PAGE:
A Serbian writer named Sasa Milivojev apparently has written a journalistic novel about events at the now infamous Yellow House, where organs were removed from Serbian and other captives by KLA doctors in Albania.

The only part of the details below that’s fictionalized is that a 12-year-old boy witnessed them, and escaped. What the young protagonist describes, however, is not made up, but compiled from witness testimony:

Horrific organ harvesting lair described by an eyewitness (Voice of Russia, Oct. 29)

“Live people were wrapped in barbed wire and thrown downhill.” This is perhaps one of the “nicest” memories of the main character of The Boy from the Yellow House, a journalistic novel written by the Serbian writer Sasa Milivojev. The author collected in one work just a tiny fragment of the atrocious crimes carried out by the Albanian terrorists in Kosovo before and after the NATO’s aggression against Yugoslavia.

As far as we know, the Voice of Russia is the first Russian media, which is publishing an extract from The Boy from the Yellow House in Russian.

“…The doors opened and we were blinded by a [bright] light of the surgery ward. I could see the doctors, and a person lying on the table. From his body they pumped something out with large thick syringes…I felt sick. I could only see that the victim was lying in a cat position: the knees together with the spine curved.

“We sat in the corner and waited for the surgery to end. The doctors were not wearing surgical gowns. They only had rubber gloves and aprons that were a light green color. I remember the floor on which I sat praying for mercy, surrounded by syringes, empty plastic bottles and gauze soaked in blood. The surgical table was huge… They killed the victim from which they drew the bone marrow, put him on a gurney and took out of the room. Then they brought the half dead person I had seen in the prison cell while I walked down the corridor. He was all yellow, wounded and was delirious. They gave him anesthesia. They were in a great hurry. They put on the surgical masks and prepared the containers. The victim was attached to some equipment, perhaps for sucking out blood. I began to [lose] consciousness…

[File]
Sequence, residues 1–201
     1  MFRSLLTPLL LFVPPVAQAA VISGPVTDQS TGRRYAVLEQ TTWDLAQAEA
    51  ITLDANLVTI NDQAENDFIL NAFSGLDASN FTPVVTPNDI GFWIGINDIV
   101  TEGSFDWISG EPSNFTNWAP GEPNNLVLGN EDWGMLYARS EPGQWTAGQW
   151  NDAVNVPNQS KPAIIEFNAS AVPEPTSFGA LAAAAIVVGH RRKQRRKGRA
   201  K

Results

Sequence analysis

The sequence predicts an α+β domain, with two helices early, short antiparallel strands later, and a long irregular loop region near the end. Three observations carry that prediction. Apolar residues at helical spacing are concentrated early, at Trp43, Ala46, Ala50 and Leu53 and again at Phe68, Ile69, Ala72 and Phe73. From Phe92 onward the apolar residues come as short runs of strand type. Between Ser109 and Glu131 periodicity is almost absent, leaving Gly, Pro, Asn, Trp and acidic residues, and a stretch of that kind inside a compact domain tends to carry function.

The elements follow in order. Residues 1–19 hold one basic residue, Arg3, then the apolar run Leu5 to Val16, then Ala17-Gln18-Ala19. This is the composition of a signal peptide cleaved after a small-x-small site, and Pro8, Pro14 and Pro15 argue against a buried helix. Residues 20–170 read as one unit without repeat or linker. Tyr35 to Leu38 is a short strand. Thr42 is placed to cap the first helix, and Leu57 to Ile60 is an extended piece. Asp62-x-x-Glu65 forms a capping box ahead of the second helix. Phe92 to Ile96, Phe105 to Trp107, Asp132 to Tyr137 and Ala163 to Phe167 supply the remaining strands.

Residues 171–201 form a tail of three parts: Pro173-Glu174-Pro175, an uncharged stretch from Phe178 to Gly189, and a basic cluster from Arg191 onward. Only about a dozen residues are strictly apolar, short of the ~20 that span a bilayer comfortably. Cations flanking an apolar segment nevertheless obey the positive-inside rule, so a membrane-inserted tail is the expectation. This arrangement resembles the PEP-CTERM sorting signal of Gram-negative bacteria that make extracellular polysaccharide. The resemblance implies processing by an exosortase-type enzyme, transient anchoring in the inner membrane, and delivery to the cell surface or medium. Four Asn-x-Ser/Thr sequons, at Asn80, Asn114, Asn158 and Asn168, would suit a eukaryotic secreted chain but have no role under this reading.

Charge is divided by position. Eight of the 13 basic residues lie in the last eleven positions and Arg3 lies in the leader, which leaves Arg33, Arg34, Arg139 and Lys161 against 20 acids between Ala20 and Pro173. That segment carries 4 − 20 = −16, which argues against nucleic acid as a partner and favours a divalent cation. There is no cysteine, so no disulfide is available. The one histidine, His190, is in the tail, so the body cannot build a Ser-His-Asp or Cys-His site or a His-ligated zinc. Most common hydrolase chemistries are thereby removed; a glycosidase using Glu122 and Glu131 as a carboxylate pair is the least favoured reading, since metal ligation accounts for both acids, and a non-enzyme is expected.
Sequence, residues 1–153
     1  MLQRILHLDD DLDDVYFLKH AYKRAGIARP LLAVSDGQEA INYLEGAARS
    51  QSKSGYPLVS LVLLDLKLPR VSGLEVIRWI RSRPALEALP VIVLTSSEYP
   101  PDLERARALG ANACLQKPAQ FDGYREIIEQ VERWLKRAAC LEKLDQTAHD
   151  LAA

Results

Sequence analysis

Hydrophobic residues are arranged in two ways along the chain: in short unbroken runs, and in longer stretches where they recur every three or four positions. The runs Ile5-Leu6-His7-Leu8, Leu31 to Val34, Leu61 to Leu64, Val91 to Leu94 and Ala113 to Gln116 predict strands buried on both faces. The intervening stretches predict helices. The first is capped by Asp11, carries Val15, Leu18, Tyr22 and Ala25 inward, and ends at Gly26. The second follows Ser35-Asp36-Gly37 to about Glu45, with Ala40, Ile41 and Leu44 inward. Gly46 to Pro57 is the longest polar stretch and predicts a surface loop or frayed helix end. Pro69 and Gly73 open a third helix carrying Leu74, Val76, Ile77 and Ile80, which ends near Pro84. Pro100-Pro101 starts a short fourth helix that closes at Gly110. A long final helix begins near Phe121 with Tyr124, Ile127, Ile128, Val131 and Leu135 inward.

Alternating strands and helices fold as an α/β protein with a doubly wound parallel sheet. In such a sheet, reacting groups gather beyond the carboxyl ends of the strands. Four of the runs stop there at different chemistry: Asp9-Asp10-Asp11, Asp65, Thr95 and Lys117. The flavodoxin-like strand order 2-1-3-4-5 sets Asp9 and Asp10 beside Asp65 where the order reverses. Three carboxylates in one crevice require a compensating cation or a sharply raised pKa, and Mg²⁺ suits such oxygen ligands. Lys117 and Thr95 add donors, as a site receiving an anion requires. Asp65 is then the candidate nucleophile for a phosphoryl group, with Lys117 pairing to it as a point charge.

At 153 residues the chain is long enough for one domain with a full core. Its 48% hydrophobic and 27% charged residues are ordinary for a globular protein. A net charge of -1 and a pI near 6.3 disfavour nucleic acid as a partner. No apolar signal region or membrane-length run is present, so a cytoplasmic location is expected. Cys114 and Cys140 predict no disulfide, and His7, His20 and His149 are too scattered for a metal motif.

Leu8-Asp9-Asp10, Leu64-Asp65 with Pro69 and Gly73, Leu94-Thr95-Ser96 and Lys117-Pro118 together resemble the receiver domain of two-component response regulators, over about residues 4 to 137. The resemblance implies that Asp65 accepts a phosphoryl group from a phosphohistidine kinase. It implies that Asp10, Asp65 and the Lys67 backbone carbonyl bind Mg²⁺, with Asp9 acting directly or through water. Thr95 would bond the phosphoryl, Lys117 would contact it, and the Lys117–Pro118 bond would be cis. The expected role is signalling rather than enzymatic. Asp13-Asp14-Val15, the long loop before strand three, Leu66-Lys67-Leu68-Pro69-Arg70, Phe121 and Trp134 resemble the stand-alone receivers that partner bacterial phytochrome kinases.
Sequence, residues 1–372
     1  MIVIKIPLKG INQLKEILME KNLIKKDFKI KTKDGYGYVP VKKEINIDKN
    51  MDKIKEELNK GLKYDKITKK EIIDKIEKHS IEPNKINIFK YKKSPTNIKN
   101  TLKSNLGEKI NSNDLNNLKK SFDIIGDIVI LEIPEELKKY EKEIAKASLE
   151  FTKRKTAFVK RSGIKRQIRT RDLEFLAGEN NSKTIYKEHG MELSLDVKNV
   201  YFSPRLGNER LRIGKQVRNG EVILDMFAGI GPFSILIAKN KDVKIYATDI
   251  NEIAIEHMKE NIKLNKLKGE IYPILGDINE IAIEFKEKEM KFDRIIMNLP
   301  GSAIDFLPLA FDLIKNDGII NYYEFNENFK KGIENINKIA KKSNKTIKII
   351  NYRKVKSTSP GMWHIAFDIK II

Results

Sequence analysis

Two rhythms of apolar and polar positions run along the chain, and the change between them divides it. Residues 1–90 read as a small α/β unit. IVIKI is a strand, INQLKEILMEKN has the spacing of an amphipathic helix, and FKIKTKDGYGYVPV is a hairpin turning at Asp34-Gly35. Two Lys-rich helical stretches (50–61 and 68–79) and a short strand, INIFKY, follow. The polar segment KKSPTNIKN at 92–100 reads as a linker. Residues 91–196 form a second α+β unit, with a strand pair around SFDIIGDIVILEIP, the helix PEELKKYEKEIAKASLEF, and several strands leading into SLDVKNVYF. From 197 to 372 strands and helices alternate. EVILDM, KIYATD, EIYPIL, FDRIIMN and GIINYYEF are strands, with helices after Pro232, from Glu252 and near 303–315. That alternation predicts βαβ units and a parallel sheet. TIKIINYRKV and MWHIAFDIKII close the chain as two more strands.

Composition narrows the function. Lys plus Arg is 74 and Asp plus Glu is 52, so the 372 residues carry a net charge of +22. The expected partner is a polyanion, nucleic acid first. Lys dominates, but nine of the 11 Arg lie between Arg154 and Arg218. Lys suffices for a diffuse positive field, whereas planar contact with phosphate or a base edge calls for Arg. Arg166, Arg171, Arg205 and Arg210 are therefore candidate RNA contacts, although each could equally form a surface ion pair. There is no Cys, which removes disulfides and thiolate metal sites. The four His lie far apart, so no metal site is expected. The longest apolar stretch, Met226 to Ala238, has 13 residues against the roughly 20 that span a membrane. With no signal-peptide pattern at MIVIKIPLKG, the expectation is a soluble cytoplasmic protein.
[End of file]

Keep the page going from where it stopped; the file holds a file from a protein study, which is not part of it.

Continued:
“I am haunted by horrible images. I watched them cut a corpse with a saw. The victim was wrapped in sheets, then in thick plastic. Then a few men came in and took out the cut up corpse. I was scared that they would put me on the table next, but I kept my mouth shut because I was afraid of the bald man who had his gun pointed at me. Since I was weak from acute hepatitis they decided to first cure me and then extract my organs. That’s when I fled that horrible house taking the horror of death with me…”

In his interview to the Voice of Russia the author of the novel Sasa Milivojev told the story of how he created the book….

“When I studied the list of people who disappeared and were kidnapped in Kosovo, I found a lot of details about the horrible destiny of the victims. There are 1,128 people on the list – women, children, and priests. There was no trace left of them… I collected the material for the novel by talking to the witnesses who lost relatives in Kosovo… The author of a fiction novel has the right to make up things, but in this case I did not need to invent anything: there were sufficient life stories, stories of the horrible reality. I saw everything as if on a movie screen. I did not make up the war in Kosovo. I was also bombed in 1999 because of the made up Račak case, the place where the Serbs allegedly massacred the Albanians. It was NATO that bombed the Serbs and gave the Albanians the green light to drive away and kill our people and to form a criminal state on the territory of our country with the help of the money received from stolen minerals and the extracted human organs of kidnapped civilians. And if anybody wants to silence the problem of illegal organ transplantation in the Balkans, it means that that person is either protecting himself or somebody else from justice or worldwide shame.

“The novel The Boy from the Yellow House appeared to demonstrate to the world that we are not the most ‘genocide prone people in the world’, as they try to portray us. Serbia’s prosecutors need to make public the information about secret burials in the same way they made public the testimony of the protected witness, a former member of the Kosovo Liberation Army, about the heart extraction from a live Serb. This way they can prove the fact of the genocide of the Serbs.”